A fish too deep for science
Drs. Carole Baldwin and Ross Robertson from the Smithsonian Institution discovered a new small goby fish that differs from its relatives not only in its size and colors, but also in the depth of its habitat (70-80 m) in the southern Caribbean. Their finding comes as a part of the institution's Deep Reef Observation Project (DROP). This is why the scientists gave it the name Coryphopterus curasub in recognition of the Curasub submersible that was used in their deep-reef exploration. Their study can be found in the open-access journal ZooKeys.
Marine biodiversity inhabiting shallow Caribbean coral reefs has been studied for more than 150 years, but much less is known about what lives at depths just below those accessible with conventional SCUBA gear. Thanks to the availability of a privately owned, manned submersible on the island of Curacao, the Curasub, scientists are now able to intensively study depths to 300 m (1,000 ft).
"This is the fourth new deep-reef fish species described in two years from Curasub diving off Curacao," explained Baldwin, "Many more new deep-reef fish species have already been discovered and await description, and even more await discovery." She also pointed out that new species of mollusks and crustaceans have also been discovered, and a "biology bonanza" is highly likely as tropical deep reefs continue to be explored.
In addition to the new goby species, the authors report on the collection of a related goby species some 50 m (164 ft.) deeper than it was previously known. Knowledge of species' upper and lower depth limits is information that Baldwin and Robertson are establishing for numerous fish species in the southern Caribbean, and in this study they tabulated and graphed depth information for the 14 known species of Coryphopterus gobies.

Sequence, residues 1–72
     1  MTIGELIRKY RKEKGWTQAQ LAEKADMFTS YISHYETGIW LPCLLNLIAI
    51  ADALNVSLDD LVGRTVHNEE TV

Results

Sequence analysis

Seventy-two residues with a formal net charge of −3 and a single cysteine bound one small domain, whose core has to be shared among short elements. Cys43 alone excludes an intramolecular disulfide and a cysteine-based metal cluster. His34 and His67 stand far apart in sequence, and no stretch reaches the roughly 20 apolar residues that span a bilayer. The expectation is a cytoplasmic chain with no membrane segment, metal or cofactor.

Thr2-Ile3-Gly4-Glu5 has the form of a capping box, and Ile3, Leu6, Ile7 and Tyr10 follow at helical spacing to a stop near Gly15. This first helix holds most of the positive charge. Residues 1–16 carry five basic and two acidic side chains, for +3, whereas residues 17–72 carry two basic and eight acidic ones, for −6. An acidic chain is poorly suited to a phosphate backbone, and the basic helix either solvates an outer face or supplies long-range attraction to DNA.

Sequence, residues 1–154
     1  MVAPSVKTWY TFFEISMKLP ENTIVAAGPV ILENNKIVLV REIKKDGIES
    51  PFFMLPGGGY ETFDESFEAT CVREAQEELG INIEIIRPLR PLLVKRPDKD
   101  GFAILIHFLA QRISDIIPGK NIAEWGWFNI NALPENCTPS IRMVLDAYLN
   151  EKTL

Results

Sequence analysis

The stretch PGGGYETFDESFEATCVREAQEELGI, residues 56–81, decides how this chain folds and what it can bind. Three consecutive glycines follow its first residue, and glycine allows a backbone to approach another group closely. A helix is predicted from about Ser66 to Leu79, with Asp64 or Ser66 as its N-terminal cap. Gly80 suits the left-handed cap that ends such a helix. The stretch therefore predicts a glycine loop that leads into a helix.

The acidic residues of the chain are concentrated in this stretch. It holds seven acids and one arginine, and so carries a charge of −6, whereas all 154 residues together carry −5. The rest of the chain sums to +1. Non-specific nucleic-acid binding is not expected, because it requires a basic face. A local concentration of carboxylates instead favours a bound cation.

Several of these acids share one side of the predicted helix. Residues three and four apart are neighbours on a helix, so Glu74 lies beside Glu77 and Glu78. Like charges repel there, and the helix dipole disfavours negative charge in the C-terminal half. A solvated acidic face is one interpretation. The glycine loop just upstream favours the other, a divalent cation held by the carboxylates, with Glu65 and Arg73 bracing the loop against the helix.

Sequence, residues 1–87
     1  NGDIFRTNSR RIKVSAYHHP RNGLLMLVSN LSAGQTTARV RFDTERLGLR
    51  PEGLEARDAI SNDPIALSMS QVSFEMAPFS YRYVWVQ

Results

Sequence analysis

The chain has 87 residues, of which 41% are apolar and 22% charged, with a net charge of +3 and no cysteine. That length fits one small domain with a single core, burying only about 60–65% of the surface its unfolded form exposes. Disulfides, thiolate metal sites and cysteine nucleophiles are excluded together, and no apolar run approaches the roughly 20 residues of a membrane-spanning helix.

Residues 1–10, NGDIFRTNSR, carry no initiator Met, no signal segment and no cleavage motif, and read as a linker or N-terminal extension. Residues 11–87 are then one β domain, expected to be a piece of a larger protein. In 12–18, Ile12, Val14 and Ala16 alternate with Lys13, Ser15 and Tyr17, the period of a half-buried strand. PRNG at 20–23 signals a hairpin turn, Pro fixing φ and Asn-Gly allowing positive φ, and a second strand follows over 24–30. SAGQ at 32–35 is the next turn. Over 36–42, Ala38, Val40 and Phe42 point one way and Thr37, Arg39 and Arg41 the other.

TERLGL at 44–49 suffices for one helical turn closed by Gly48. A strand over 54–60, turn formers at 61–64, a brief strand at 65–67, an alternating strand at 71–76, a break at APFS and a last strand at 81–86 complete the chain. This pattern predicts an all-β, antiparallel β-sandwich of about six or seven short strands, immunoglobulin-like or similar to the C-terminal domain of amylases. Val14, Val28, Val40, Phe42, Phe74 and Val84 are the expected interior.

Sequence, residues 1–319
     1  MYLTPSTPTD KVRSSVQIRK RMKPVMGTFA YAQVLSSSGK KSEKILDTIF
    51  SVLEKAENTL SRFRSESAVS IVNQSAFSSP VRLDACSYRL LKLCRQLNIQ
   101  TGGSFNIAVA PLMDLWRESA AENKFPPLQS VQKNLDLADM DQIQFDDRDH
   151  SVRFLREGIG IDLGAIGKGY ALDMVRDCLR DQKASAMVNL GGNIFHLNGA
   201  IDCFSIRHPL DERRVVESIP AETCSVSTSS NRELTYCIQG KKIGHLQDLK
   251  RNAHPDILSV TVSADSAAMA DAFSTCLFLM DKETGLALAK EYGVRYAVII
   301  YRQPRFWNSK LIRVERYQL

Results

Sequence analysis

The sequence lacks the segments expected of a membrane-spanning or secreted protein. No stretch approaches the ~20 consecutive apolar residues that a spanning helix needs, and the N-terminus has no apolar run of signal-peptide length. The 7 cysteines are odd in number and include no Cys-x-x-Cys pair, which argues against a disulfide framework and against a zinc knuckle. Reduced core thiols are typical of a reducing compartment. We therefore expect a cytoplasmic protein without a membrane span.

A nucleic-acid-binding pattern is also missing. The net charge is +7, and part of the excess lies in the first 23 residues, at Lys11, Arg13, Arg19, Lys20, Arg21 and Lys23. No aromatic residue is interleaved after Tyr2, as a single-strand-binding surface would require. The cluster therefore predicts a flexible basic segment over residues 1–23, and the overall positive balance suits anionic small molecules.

"Deep reefs are diverse ecosystems in tropical seas that science has largely missed," Baldwin explained, "too deep to access using SCUBA gear and too shallow to be of much interest to deep-diving submersibles capable of descending thousands of meters." "How incomplete is our picture of tropical reef biodiversity if so little attention has been devoted to depths just below those home to shallow coral reefs? We don't know," she admitted.
"Imagine conducting a census of people living in Washington, DC, but you only survey those inhabiting ground-level housing structures. If you don't know about the people living on second, third, fourth, etc., floors in apartment buildings and condominiums in a city packed with them, you're not getting a very complete picture of who lives here. Scientists' ignorance of the biodiversity inhabiting depths within a couple hundred meters of shallow coral reefs is similar."
"We know that in temperate coastal areas, some fish species are being found at higher latitudes than previously recorded," Baldwin said, "presumably a response to warming surface waters."
This hypothesis poses the question whether the fish in tropics could move deeper as well reacting to the climate change. Since no historical data on the topic is available, Baldwin's suggestion is to carry on digging into deep-reef exploration.
"By thoroughly investigating reef ecosystems that lie just below shallow coral reefs, describing new species, documenting depth ranges of new and known species, we are providing the baseline information necessary to detect changes in the future."